We moved to Paris !
Please note that our laboratory moved to Paris in 2017. We are now continuing or work at the Institut Pasteur. Our unit Membrane Biochemistry and Transport is embedded in the department of Cell Biology and Infection.
You can visit our homepage following this link:https://research.pasteur.fr/en/team/membrane-biochemistry-and-transport/
Our group Molecular Membrane and Organelle Biology aims to understand how cellular organelles are being shaped. For many years membranes have been seen as passive boundaries of cells and organelles, which merely provide mechanical support and a two-dimensional interaction surface for proteins. However, it became apparent that the shape of organelles is closely intertwined with organelle-function and cellular homeostasis. We seek to understand the shape-function relationship of organelles at a molecular level.
Most cellular organelles are not de novo synthesized, but multiplied by expansion and division. Autophagosomes are the exception of this rule. Autophagy is a highly conserved catabolic pathway which delivers surplus or damaged cytoplasmic material to lysosomes for degradation. During this process, a cup-shaped membrane is nucleated de novo and expands to capture cargo. After sealing, a double-membrane surrounded autophagosome is being formed. This process involves highly coordinated membrane fusion and shaping processes, which are poorly understood at the molecular level. More than 30 proteins are involved in coordinating autophagosome-biogenesis and we aim to decipher their individual contributions to this demanding membrane remodeling pathway.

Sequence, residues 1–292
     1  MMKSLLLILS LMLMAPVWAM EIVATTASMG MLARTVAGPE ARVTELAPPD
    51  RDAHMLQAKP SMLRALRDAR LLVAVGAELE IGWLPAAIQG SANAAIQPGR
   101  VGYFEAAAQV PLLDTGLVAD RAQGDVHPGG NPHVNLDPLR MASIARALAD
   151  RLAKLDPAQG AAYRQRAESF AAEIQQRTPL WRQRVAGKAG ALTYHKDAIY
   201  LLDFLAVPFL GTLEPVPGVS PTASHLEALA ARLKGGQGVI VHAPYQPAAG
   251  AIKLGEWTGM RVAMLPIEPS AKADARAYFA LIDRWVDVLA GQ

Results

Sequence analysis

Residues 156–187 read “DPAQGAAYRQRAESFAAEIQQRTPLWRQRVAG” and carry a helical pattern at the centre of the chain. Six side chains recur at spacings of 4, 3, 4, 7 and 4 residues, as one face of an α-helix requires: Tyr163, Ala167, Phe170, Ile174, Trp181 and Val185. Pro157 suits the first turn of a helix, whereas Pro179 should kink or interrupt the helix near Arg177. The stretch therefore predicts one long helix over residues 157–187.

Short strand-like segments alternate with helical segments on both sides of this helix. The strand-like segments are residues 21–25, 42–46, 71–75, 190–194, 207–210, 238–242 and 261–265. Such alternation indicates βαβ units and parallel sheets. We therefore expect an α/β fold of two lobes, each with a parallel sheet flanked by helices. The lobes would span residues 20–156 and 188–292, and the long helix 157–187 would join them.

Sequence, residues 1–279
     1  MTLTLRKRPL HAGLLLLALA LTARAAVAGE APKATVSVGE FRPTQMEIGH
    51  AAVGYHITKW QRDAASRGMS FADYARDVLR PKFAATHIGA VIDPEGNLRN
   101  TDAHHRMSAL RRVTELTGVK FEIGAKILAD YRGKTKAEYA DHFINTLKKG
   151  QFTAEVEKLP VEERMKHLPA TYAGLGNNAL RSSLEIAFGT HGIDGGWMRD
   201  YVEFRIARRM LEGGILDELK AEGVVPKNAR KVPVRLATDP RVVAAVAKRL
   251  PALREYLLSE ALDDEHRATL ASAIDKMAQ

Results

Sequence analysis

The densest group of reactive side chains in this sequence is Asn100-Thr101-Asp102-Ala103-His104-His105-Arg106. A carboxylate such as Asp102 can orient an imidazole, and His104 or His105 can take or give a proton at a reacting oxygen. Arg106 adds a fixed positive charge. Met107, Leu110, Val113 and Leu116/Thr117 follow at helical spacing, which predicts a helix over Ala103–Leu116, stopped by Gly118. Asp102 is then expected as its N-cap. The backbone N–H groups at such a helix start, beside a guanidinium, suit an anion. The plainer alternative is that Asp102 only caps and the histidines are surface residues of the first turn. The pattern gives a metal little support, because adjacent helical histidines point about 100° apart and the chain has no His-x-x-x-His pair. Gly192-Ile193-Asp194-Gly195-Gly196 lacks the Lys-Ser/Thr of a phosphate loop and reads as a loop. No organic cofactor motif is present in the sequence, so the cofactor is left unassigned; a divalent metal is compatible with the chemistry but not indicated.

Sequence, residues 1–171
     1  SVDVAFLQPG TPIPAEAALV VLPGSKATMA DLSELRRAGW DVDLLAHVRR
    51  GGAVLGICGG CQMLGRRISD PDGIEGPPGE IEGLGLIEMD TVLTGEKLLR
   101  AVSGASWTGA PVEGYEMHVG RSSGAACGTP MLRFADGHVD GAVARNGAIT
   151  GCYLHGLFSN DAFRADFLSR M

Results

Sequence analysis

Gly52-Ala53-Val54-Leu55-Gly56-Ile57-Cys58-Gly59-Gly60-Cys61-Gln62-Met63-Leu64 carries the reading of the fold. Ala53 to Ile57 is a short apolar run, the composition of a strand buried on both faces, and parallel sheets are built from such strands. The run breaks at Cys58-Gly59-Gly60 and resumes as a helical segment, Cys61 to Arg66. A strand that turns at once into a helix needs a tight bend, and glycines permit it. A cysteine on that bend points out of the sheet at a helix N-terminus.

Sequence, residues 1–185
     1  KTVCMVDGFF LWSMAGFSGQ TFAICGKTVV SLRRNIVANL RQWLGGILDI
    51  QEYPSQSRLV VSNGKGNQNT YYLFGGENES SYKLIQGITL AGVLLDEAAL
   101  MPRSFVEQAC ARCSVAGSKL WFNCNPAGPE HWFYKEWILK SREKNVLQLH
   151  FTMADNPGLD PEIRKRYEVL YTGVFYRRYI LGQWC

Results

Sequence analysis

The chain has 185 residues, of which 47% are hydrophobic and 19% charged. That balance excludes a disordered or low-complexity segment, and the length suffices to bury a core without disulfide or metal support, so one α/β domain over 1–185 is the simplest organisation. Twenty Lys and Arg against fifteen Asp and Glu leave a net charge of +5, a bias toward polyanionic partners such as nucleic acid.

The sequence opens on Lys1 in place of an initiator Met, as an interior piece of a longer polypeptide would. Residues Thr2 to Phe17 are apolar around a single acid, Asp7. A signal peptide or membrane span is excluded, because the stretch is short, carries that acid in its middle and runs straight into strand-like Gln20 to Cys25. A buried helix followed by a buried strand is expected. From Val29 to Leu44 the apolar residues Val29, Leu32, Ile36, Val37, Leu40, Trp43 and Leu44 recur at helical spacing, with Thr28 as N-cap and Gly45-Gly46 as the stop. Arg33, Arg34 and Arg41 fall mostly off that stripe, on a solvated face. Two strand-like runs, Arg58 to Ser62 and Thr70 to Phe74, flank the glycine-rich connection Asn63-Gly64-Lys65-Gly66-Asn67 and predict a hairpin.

We are using a synthetic biology approach to recapitulate the formation of autophagosomes in the test tube. Synthetic biology is a rather new field in life sciences, which is based on the idea to identify a minimal set of components that is needed to recapitulate biological processes in vitro using purified components in a well-defined environment. Two major components need to be combined to reproduce autophagosome biogenesis in vitro: purified proteins and model membranes.
We recombinantly express the proteins of interest in E.coli, S.cerevisiae or insect cells and purify them to homogeneity using chromatography-based techniques. To analyze the function of these proteins with fluorescence-based techniques, we introduce single cysteines at defined positions within the protein and conjugate small fluorophores to them. This has the advantage that perturbations of the protein structure are minimized and the full biological activity of the protein is retained.
Model membranes come in two major flavors: supported and freestanding membranes. They are produced from synthetic lipids or lipid extracts of cells. We use supported lipid bilayers (SLBs) to study protein dynamics and their spatial organization on membranes. Combining SLBs with TIRF-microscopy allows us to detect proteins at a single-molecule level and to study their dynamic association, dissociation, and lateral movement. Atomic force microscopy is applied to visualize proteins and protein-networks on membranes with high spatial resolution. Vesicles of different sizes (small, large, and giant unilamellar vesicles) are used for biochemical assays and confocal fluorescence microscopy.
These combined approaches allow us to decipher the molecular mechanisms that drive autophagosome biogenesis. Moreover, we use these insights to make predictions that can be tested in vivo to validate our model. Cell biological experiments involve the generation of mutants and their biochemical characterization, as well as live-cell imaging approaches.